Soil and water conservation in terraced and non-terraced cultivations -
a massive comparison of 50 vineyards
Understanding the soil and water conservation (SWC) impact of
steep-slope agricultural practices (e.g. terraces) has arguably never
been more relevant than today, in the face of widespread intensifying
rainfall conditions. In northern Italy, a diverse mosaic of terraced and
non-terraced cultivation systems have historically developed from local
traditions and more recently from the introduction of machinery.
Previous studies suggested that each vineyard configuration is
characterised by a specific set of soil degradation patterns. However,
an extensive analysis of SWC impacts by different vineyard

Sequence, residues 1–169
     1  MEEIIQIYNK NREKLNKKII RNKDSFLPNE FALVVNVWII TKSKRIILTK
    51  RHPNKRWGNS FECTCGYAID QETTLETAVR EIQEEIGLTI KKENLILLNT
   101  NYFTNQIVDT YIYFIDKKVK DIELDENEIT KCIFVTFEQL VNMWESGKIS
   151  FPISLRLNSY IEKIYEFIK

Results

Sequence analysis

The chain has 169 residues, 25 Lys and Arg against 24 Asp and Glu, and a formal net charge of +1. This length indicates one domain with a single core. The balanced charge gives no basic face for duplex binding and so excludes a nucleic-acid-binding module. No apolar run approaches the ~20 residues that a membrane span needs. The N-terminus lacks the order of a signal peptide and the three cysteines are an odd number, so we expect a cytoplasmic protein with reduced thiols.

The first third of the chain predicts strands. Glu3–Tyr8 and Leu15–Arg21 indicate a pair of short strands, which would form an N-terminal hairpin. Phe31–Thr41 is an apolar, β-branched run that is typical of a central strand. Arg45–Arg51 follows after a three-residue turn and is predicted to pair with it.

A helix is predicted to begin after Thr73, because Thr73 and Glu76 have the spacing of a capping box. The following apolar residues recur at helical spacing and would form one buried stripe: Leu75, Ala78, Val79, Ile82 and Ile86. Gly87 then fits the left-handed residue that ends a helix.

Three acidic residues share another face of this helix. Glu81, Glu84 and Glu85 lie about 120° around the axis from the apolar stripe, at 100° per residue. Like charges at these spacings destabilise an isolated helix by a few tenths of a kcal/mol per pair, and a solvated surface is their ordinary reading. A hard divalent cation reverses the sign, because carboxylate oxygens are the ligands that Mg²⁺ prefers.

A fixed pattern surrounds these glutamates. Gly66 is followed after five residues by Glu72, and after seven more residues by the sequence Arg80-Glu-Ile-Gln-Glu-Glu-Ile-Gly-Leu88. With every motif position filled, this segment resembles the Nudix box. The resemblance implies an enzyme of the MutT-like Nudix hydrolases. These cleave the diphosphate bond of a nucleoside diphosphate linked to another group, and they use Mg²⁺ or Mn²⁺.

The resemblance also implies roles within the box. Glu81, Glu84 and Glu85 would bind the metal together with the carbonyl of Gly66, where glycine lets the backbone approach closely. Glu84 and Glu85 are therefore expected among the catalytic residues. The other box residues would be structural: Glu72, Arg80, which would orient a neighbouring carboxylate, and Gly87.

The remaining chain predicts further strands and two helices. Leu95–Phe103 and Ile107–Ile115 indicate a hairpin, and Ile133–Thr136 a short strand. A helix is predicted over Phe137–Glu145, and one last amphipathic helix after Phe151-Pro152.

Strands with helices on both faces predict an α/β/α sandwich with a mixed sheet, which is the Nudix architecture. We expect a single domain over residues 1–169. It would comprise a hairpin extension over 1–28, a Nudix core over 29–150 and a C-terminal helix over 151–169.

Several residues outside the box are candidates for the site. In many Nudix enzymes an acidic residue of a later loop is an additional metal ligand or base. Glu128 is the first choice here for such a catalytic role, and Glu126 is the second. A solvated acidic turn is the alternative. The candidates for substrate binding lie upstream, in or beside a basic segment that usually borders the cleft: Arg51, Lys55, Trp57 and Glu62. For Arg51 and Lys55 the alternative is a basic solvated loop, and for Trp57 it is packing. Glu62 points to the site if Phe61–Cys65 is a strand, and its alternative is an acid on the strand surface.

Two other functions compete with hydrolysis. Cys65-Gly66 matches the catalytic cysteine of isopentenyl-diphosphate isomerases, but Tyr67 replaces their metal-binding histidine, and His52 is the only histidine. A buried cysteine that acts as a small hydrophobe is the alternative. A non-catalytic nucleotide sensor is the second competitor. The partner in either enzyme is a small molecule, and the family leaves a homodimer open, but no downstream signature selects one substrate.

configurations is missing, while this is crucial for providing robust
guidelines for future-proof viticulture. Here, we provide a unique
extensive comparison of SWC in 50 vineyards, consisting of 10 sites of 5
distinct practices: slope-wise cultivation (SC), contour cultivation
(CC), contour terracing (CT), broad-base terracing (BT) and diagonal
terracing (DT). A big-data analysis of physical erosion modelling based
on high-resolution LiDAR data is performed, while four predefined SWC
indicators are systematically analysed and statistically quantified.
Regular contour terracing (CT) ranked best across all indicators,
reflecting a good combination of flow interception and homogeneous
distribution of runoff and sediment under intense rainfall conditions.
The least SWC-effective practices (SC, CC, and DT) were related to
vineyards optimised for trafficability by access roads or uninterrupted
inter-row paths, which create high upstream-downstream connectivity and
are thus prone to flow accumulation. The novel large-scale approach of
this study offers a robust comparison of SWC impacts under intense
rainstorms, which is becoming increasingly relevant for sustainable
future management of such landscapes.